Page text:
AMD’s triumphant keynote couldn’t take away from Intel’s blockbuster news: After years of delays, frustrations, and endless 14nm process tweaks, Intel’s 10nm processors are finally here in the form of 10th-gen "Ice Lake” Core processors for laptops. Somewhat surprisingly, Intel played coy about detailed speeds and feeds of individual chips, but several PC makers already showed systems with Ice Lake inside.

10th-gen Core chips don’t quite hit the same maximum turbo speeds as their predecessors—again, Intel’s been fine-tuning 14nm for years and years now—but they feature Dynamic Tuning 2.0 with Machine Learning that help manage turbo boosts more intelligently, with the aim of holding clocks as high as possible for as long as possible.

The 10th-gen Core chips also bake in other AI enhancements, along with platform upgrades like Wi-Fi 6 Gig+, Thunderbolt 3, and improved onboard graphics. In fact, Intel says that Ice Lake’s integrated graphics top the Radeon cores in AMD’s mobile Ryzen chips. Bold claim, that.

Intel also revealed what’s inside Project Athena laptops, its vision for the ultra-light, long-lasting, always-connected notebooks of tomorrow. The first batch should consist of around 30 premium laptops.

Intel performance maximizer
Mark Hachman / IDG

Intel desktop love

Ice Lake stole the show, but Intel didn’t neglect desktops completely. In fact, it announced its fastest consumer processor ever at Computex. The company already called its Core i9-9900K the “best gaming CPU,” and our tests confirmed it. The newly announced Core i9-9900KS outmuscles it by pushing all eight cores to 5GHz while boosting. Yowza. Often, boost clock ratings apply only to a single core. The Core i9-9900KS also maintains a higher 4GHz base clock. Further details weren’t released.

You might be able to push it even further with Intel’s blessing. The company announced a new Performance Maximizer one-click overclocking tool, which puts your 9th-gen K-series chip through a series of automated tests to find its upper limits. To coincide with the Performance Maximizer’s enthusiast focus, Intel also announced the return of the Performance Tuning Protection Plan, which will replace your Core processor if you blow it up during your overclocking adventures. It costs $20 for three years of protection.

On the storage front, Intel announced its 2nd-gen Optane Memory M15 drive, an upgraded version of the company’s caching technology that pairs with your primary storage to supercharge the speeds of your most-used files and apps. The latest version gets an overdue update from two to four PCIe lanes, making Optane Memory even faster.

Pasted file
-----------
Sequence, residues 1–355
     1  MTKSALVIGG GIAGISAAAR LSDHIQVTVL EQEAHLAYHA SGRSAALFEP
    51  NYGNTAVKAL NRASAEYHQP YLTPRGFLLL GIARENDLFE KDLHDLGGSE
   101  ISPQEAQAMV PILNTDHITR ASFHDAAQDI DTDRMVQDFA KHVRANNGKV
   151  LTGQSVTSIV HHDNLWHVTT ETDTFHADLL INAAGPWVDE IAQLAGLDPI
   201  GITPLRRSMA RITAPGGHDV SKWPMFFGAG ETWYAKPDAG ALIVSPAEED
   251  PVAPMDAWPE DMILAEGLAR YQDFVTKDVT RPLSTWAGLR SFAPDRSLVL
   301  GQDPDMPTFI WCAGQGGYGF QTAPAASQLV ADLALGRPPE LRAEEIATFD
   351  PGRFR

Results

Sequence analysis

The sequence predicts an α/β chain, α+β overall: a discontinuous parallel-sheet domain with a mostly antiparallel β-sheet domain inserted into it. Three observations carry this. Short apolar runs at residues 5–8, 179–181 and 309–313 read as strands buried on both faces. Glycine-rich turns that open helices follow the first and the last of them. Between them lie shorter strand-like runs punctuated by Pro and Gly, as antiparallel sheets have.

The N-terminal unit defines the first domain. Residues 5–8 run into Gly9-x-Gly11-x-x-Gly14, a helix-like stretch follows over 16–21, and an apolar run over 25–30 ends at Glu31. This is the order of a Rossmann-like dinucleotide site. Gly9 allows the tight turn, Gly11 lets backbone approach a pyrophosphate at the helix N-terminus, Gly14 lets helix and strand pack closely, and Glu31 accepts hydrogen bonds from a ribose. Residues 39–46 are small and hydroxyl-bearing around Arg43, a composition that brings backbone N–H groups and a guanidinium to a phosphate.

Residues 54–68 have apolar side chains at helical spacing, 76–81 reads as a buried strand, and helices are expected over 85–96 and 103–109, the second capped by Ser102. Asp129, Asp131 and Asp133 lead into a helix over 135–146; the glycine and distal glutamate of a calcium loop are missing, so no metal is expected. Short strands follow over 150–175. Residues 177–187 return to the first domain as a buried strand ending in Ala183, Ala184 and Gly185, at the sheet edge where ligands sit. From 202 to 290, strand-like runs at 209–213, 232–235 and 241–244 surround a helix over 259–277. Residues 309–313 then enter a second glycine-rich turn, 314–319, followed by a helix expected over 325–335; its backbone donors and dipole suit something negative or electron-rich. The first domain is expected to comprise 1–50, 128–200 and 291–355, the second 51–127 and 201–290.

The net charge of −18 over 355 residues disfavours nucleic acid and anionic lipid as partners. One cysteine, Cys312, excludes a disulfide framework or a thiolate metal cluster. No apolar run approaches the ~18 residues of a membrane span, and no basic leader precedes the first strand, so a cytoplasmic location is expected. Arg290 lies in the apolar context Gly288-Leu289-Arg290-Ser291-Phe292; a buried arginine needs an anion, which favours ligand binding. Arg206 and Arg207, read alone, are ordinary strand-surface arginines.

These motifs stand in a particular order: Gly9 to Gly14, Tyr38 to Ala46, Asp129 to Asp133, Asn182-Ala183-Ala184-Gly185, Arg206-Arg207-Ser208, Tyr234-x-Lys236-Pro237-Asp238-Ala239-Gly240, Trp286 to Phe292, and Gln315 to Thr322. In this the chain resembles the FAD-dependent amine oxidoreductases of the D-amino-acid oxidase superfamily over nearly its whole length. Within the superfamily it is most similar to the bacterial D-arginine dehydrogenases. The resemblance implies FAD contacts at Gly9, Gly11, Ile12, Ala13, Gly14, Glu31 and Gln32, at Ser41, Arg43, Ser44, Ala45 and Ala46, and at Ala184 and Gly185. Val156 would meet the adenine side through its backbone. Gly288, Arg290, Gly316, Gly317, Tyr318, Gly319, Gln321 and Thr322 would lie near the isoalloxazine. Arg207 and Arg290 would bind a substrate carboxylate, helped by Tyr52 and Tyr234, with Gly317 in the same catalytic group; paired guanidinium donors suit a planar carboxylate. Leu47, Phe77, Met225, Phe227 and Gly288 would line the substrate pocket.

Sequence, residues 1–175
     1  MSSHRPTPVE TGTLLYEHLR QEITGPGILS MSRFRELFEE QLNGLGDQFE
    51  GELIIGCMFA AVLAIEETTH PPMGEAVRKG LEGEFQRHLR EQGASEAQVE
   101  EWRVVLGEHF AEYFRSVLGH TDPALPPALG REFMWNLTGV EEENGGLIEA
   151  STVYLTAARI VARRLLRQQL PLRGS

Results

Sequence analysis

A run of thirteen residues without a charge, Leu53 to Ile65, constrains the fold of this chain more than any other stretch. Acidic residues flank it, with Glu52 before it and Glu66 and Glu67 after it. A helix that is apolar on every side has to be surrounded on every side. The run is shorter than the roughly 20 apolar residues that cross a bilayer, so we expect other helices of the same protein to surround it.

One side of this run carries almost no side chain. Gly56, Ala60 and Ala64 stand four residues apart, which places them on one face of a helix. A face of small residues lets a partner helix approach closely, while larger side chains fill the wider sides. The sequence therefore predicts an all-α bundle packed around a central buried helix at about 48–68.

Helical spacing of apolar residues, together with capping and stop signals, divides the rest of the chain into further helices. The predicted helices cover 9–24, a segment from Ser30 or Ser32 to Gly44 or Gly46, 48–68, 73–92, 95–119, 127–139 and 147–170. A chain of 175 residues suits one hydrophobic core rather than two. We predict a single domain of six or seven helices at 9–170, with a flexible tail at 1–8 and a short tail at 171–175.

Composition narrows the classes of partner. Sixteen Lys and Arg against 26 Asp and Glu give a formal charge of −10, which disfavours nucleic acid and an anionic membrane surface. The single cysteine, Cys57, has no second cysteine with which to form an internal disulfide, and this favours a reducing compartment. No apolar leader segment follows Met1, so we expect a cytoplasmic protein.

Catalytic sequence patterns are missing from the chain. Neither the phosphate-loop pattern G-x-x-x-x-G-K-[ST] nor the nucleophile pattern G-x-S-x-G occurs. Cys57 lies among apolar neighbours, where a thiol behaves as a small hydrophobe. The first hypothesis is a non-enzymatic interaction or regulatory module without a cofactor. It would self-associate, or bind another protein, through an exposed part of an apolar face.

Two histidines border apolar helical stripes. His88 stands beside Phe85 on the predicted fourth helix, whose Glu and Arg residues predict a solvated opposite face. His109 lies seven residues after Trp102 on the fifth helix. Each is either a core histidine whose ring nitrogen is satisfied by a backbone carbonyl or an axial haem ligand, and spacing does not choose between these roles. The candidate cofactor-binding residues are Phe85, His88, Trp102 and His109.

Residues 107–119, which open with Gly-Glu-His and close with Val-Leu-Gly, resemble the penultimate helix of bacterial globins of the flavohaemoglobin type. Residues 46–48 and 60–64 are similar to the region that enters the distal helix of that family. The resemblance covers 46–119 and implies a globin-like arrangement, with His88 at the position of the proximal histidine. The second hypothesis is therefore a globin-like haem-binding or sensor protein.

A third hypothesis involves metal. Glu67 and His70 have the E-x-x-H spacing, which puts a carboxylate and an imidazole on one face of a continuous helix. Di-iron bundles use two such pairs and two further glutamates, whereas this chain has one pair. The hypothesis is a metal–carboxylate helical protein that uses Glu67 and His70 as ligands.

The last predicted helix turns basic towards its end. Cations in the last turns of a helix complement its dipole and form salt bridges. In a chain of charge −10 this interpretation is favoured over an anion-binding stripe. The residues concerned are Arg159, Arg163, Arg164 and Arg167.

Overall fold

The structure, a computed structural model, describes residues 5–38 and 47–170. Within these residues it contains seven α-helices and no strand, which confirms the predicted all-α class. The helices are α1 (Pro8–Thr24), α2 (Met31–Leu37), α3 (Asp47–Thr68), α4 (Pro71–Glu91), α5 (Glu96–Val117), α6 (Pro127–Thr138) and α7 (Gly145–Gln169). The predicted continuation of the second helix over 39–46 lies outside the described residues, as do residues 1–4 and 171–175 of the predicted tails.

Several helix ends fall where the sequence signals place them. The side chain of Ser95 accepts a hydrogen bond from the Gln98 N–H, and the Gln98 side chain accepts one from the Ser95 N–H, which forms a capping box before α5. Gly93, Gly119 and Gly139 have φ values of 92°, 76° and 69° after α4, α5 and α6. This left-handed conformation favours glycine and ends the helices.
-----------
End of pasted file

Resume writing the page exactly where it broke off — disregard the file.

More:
nvidia studio laptop

Nvidia RTX Studio laptops and adaptive sync revelations

Nvidia had a quieter Computex than its rivals, but still made some announcements of its own. Most notable: RTX Studio laptops, a new program that matches fully loaded, performance-oriented-yet-sleek laptops—with dedicated ray tracing hardware, natch—and specialized Nvidia Studio drivers optimized around content creation apps. The antithesis of Intel’s slim, long-lasting Project Athena laptops, RTX Studio laptops are built for people who need to get hard work done fast.

On the consumer front, Nvidia revealed why its G-Sync Compatible program flunks over 94 percent of FreeSync monitors, and it’s an interesting read. The company also said it’s launching the ray-traced reimagining of Quake II on June 6—on both Windows and Linux—and entering a partnership with Bethesda to include RTX technologies and Adaptive shading in Wolfenstein: Youngblood. If you buy an RTX 20-series graphics card, Nvidia will toss in a free copy of the game.

hp envy 13 nightfallblack frontright

HP laptops

Now, let’s shift focus to the computers where all this funky fresh hardware will reside. First up: HP. The company announced a full selection of its wonderful Envy laptops and 2-in-1s clad in wood. The natural elements cover only the keyboard’s wrist area and touchpad, but HP paired its wood options with metals colored to match, and they look dreamy.